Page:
Here’s a link to the story.
Here’s a link to the story.
Here’s a link to the story.
No. Really. Watch this space.
From a source who is in a position to know, news that Google’s DoubleClick competitor will be … free for all to use. Like Analytics. Think about that for a moment. How did Microsoft kill Netscape? Yup, made the browser free. How will Google try to own the entire ad serving biz? Make it free. Why would they do this? Because the most valuable thing in the world of advertising is not the commodity , it’s the information the commodity will provide.
Providing a scaled ad serving solution? Free. Knowing the margins of every media and marketing company in the world? Priceless.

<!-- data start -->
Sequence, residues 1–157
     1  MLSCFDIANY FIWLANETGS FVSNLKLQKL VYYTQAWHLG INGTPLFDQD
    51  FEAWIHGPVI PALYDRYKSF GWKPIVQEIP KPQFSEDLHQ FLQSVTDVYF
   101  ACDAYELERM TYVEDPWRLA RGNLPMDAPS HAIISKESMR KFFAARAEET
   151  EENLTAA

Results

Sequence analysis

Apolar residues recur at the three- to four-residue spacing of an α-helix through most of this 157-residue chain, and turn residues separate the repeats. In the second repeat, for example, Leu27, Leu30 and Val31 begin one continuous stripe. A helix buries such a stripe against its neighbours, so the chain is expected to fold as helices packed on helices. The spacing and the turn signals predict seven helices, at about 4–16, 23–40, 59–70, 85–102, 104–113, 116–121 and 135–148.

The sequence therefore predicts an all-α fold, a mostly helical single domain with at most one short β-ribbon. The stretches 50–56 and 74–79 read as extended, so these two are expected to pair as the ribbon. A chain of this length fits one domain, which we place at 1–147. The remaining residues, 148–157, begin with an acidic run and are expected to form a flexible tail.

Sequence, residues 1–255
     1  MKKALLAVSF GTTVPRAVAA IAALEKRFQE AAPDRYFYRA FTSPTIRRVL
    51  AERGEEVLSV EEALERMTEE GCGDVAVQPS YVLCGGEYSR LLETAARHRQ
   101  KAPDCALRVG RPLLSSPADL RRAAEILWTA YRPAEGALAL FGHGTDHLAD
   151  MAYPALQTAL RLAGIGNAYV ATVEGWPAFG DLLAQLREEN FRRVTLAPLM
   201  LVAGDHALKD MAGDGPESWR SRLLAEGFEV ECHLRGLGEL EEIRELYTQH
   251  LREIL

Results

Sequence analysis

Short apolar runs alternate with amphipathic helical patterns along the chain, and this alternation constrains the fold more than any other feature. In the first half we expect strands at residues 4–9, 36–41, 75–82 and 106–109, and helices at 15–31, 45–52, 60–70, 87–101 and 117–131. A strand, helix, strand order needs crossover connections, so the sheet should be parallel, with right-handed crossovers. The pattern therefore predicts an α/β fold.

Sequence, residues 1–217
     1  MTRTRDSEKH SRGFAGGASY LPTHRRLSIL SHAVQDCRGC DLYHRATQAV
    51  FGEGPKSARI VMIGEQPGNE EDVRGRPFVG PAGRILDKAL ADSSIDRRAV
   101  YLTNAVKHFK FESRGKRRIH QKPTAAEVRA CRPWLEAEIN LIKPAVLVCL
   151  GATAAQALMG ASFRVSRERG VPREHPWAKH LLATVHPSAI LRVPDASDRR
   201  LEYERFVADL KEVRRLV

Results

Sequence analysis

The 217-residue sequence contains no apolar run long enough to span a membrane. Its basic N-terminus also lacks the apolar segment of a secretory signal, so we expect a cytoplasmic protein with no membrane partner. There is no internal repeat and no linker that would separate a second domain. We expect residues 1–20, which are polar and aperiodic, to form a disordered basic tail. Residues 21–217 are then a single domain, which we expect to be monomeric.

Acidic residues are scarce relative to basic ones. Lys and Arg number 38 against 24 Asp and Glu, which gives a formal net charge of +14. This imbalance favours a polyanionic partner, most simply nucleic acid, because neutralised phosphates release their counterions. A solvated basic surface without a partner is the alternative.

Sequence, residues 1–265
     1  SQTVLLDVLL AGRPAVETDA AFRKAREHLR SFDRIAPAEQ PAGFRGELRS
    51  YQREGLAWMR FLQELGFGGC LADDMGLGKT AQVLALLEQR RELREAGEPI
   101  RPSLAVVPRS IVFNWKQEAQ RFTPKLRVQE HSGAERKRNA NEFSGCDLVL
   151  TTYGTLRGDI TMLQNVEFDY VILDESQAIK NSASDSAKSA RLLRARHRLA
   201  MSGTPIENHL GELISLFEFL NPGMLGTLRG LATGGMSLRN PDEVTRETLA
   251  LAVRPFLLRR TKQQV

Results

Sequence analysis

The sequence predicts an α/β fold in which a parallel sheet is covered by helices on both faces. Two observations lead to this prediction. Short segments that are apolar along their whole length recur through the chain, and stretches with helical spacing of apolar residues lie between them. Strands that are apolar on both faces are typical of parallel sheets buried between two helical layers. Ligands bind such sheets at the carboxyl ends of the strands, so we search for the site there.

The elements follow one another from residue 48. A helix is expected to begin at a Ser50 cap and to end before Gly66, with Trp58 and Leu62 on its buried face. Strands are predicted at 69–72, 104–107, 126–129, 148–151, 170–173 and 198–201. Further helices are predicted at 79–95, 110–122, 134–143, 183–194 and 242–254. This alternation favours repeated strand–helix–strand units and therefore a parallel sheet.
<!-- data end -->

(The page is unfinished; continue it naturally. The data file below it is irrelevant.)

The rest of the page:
And who figured this out? Why, Google’s partners, who have been nervous ever since the YouTube acquisition. Think about it. Newscorp was ready to sign a deal with Google for their ad server, sources tell me, but they got nervous about “the fox in the hen house.” And then, what happened? Newcorp went and bought SDC, an ad serving technology and inventory optimization company. Sure makes sense now.
Hmmmmm. It just gets more and more innaresting. Note Barry Diller on Google today in an FT interview:
FT: Do you think Google has taken the right approach, has had the right attitude in its negotiations with the content creators?
MR DILLER: I don’t know. They’re an impossible situation.
MR DILLER: Because they bought a company and paid fair value for it. They paid what they paid.
FT: Did they pay too much?